3 SEPTEMBER 1898, Page 15

[To THE EDITOR OF THE "SPECTATOR. "] SIR,—I should wish to

apologise to Canon MacColl if I mis-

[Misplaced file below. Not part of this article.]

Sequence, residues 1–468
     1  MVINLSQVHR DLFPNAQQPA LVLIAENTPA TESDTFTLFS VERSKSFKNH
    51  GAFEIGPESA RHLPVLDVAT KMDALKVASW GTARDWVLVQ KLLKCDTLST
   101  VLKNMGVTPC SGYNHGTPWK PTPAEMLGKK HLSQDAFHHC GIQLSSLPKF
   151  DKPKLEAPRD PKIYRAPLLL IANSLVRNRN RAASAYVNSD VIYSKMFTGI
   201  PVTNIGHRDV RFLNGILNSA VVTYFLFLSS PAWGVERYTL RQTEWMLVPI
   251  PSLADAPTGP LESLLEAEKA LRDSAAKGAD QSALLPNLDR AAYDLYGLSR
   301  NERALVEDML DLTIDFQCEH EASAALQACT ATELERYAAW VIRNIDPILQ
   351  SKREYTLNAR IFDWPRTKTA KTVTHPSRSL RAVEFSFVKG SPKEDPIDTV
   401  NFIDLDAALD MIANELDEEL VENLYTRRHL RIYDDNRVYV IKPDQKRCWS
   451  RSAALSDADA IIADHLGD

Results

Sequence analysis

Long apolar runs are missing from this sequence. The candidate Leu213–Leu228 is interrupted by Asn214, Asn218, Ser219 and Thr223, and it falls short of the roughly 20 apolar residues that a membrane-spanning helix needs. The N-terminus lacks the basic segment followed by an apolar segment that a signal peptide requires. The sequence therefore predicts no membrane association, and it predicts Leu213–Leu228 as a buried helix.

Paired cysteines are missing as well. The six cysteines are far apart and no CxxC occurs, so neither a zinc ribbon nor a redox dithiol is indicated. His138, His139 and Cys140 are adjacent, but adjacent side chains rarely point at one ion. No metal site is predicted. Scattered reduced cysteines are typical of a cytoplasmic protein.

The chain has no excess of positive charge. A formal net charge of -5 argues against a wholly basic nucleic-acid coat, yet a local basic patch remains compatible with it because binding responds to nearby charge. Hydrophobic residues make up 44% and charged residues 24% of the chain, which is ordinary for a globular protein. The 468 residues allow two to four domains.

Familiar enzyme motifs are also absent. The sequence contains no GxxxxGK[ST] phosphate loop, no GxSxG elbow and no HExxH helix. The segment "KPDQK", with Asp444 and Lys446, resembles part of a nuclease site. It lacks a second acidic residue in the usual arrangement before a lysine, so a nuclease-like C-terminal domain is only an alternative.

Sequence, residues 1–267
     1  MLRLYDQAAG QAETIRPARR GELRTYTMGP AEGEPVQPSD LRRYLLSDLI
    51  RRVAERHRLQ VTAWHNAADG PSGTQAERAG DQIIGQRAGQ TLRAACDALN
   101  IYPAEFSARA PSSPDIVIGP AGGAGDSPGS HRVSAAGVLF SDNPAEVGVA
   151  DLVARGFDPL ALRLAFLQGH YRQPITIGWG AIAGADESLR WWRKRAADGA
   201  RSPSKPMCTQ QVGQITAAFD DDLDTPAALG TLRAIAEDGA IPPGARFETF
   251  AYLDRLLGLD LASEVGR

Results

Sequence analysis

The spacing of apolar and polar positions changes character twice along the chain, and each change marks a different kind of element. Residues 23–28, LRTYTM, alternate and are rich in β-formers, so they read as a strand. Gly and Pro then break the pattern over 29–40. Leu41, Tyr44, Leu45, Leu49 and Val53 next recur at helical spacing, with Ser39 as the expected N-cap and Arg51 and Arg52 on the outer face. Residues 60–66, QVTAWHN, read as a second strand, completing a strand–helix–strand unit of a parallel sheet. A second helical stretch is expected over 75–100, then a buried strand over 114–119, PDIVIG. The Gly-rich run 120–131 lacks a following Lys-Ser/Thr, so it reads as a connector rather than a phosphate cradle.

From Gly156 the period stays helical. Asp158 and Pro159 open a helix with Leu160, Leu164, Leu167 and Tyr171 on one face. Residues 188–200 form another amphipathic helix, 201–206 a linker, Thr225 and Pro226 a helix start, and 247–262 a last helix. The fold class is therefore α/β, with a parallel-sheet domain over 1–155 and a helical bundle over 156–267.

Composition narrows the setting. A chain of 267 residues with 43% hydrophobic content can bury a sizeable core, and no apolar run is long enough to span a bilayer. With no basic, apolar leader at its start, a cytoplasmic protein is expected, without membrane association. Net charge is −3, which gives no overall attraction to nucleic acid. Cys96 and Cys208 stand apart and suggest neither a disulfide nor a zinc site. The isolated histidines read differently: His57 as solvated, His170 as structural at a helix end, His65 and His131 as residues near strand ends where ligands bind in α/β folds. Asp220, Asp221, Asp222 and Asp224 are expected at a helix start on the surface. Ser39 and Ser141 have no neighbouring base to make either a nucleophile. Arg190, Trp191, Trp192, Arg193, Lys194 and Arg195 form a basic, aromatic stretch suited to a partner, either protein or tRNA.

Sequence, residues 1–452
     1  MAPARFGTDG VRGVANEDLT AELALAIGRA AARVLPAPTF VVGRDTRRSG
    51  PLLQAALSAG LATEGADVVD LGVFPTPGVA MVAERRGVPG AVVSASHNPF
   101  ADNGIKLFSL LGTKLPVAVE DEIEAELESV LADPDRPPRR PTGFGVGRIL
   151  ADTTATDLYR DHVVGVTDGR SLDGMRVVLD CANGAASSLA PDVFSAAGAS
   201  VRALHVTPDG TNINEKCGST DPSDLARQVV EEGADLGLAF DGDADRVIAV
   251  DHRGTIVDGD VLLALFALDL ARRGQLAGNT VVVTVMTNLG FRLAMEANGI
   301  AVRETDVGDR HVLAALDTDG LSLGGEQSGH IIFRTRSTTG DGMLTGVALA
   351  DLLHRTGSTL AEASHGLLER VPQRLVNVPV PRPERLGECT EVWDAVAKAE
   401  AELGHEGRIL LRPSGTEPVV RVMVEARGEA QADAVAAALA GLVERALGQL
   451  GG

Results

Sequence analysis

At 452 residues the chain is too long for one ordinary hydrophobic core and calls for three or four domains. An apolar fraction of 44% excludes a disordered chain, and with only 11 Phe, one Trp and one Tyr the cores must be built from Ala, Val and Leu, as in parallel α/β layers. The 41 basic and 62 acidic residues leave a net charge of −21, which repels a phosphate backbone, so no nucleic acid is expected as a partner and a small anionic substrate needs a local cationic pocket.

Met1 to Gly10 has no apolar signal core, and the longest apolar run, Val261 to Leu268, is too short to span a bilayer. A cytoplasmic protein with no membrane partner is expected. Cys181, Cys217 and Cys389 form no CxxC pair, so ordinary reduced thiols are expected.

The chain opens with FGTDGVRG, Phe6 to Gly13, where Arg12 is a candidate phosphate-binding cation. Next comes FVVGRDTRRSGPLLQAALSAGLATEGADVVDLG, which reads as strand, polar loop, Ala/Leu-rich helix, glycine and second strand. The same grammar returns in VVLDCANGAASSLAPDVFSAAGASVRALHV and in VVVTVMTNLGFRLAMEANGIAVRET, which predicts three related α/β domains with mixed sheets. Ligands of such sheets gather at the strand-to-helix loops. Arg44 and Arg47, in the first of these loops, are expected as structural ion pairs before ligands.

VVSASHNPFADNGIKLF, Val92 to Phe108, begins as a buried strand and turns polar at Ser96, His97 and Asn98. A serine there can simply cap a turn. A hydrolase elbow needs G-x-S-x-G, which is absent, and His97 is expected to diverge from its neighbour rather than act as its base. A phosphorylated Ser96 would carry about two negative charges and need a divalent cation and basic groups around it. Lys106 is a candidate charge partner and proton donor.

• anderstood his first letter. I took him to be defending sacerdotalism " on the ground of its being simply a form of spiritual influence exercised by the Christian ministry. While fully admitting the value and importance of that ministry as a matter of order in the Church, I did not recognise a difference of kind (as he does) between such influence as exercised by a cleryman or by a layman. It is not, I would submit, in either case the messenger who .operates, but the message. Nor can the message, whether delivered intentionally, or conventionally, operate without the consent of the will of the person to whom it is addressed. No Church, as the Canon truly affirms, teaches that doctrine. But the danger of the "official" claim to remit sins lies in the popular mind, ever ready to substitute escape from the penalty of sin for deliverance from its power, and to seek the former from the priest rather than the latter from God.